>> Friday, November 22, 2013
It is a time of celebration in the Pingkang Li, where imperial scholars and bureaucrats mingle with beautiful courtesans. At the center is the Lotus Palace, home of the most exquisite courtesans in China...
Maidservant Yue-ying is not one of those beauties. Street-smart and practical, she's content to live in the shadow of her infamous mistress-until she meets the aristocratic playboy Bai Huang.
Bai Huang lives in a privileged world Yue-ying can barely imagine, yet alone share, but as they are thrown together in an attempt to solve a deadly mystery, they both start to dream of a different life. Yet Bai Huang's position means that all she could ever be to him is his concubine-will she sacrifice her pride to follow her heart?
I've heard loads of good things about Jeannie Lin's books and have picked up a few over the years. I got distracted by the shiny new one, though, so those are still in my TBR.
Lin's books have a very unique setting in romance. The Lotus Palace is set in China during the Tang Dynasty (I'll save you the googling: that's between 618 and 907 AD). The action takes place in the pleasure district of Pingkang Li, which as far as I can tell is in the ancient city of Chang'an, now Xi'an, in Shaanxi province.
That's where our heroine, Yue-ying, lives, in the famous Lotus Palace. Yue-ying is maidservant to one of the city's reigning beauties, the legendary and much-pursued courtesan Mingyu. The hero, Bai Huang, is one of Mingyu's admirers, a young scholar-wannabe from a wealthy, influential family. Yue-ying's and the reader's first impression is that he's a spoilt, privileged wastrel, his life all about drinking and gambling and throwing money around.
But there's more to Bai Huang than meets the eye, and the first indication of it is the attention he pays Yue-ying, who's completely ignored by all the other people who frequent the Lotus Palace. Used to being considered insignificant and ugly due to a birthmark on her face, Yue-ying is made very uncomfortable by his attention and professed admiration. But after the murder of a courtesan, one as high-up as Mingyu and a good friend of her, they must work together to discover what's going on before the danger reaches Mingyu.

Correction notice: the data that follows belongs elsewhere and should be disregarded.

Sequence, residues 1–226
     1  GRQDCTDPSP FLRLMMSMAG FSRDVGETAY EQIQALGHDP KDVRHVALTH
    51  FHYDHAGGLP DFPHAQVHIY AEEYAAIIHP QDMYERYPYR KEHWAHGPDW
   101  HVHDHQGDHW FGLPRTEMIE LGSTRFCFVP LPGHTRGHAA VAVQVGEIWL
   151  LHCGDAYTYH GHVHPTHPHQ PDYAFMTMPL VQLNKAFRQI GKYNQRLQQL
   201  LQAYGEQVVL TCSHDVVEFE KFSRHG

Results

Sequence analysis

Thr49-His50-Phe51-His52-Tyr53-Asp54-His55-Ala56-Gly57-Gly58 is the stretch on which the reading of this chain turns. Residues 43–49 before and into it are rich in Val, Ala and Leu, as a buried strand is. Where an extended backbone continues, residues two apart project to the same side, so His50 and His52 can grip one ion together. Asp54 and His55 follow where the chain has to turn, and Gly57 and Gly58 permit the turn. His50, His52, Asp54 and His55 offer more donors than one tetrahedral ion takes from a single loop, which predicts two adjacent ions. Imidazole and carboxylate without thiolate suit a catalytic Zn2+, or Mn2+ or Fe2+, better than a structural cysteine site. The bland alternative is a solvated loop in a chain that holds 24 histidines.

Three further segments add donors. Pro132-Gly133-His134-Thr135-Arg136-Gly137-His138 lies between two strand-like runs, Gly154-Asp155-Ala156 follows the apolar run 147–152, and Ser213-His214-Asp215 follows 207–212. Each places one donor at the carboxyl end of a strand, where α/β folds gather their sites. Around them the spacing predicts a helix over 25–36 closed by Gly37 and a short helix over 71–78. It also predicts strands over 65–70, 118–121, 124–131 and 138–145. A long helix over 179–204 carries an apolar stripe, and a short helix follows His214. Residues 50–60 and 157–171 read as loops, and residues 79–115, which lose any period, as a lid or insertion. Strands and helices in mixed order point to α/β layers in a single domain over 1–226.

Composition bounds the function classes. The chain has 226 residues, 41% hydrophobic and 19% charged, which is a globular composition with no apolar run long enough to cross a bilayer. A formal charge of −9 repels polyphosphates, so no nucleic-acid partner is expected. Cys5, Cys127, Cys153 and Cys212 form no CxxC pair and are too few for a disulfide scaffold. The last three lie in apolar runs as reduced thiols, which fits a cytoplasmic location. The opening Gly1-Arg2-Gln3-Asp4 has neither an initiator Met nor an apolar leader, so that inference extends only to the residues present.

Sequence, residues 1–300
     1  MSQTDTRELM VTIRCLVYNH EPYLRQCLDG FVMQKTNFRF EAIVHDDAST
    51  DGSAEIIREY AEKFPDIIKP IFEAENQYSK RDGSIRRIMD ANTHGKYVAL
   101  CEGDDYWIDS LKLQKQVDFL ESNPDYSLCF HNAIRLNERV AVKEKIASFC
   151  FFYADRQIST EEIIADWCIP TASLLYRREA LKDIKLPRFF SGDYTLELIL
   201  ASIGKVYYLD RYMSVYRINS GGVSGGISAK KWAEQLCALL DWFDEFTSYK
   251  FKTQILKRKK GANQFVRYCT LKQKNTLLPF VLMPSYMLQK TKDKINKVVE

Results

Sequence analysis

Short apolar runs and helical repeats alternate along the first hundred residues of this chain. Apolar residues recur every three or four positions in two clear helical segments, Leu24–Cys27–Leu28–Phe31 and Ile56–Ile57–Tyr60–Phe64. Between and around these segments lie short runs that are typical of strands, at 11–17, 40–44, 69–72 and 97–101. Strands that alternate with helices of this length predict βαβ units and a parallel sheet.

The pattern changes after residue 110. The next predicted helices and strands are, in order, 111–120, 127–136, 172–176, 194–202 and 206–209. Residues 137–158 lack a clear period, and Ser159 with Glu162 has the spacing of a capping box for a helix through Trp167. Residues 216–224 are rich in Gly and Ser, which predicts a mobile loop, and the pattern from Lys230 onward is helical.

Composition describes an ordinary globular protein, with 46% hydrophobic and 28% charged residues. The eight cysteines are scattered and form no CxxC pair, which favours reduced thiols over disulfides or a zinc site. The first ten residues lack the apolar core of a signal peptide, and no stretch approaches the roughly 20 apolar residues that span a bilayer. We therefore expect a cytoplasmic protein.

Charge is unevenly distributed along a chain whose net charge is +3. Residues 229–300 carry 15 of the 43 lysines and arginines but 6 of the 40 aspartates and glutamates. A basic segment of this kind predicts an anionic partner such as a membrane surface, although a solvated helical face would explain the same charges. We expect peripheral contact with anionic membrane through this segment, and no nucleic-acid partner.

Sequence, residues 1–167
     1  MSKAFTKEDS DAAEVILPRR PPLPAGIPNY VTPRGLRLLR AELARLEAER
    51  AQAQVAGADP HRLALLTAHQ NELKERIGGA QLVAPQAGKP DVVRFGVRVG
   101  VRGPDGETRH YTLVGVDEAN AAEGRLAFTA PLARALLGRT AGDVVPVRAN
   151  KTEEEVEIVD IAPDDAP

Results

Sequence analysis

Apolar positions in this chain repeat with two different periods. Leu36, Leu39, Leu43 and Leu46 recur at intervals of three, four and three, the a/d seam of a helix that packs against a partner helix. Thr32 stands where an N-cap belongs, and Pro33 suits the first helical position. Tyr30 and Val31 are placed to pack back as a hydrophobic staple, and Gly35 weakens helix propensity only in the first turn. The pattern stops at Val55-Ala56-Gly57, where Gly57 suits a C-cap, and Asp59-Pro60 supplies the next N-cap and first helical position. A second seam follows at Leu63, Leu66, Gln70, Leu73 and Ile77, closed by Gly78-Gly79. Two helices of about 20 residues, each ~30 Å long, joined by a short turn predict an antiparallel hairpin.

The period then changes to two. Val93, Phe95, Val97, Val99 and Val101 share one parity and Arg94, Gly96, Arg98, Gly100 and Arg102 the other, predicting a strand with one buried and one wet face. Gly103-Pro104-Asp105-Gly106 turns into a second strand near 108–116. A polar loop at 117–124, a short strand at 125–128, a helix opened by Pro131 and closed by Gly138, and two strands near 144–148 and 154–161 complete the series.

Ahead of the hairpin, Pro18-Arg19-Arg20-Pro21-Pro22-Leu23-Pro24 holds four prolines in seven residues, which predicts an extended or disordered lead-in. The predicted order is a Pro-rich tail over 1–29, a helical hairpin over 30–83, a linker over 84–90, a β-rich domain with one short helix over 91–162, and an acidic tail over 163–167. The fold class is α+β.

There is a lot to like here, and I completely get why so many people whose taste I respect like Lin's books. The setting is just fabulous. Lin manages to make both the physical location and the way the society works come alive, and does it quite deftly, without any infodumps. All the very unfamiliar information comes up naturally and allows us to understand the restrictions and issues relating to characters in such different positions as Bai Huang and Yue-ying.
The characters are also very well done. There's a real depth and history to them, and they feel real. Lin shows us exactly how their experiences have both shaped and been shaped by their personalities, and all this sets up the main conflict in the romance beautifully.
And yet... I acknowledge all this, and yet, it took me ages to read the book, over 3 weeks. I don't know whether it was something about the writing, or the fact that I had very little interest in the tedious murder investigation element, but the book felt extremely draggy. It didn't flow as well as I would have hoped. It meant that I admired the book for the things it did really well much more than I actually liked it.
MY GRADE: A B-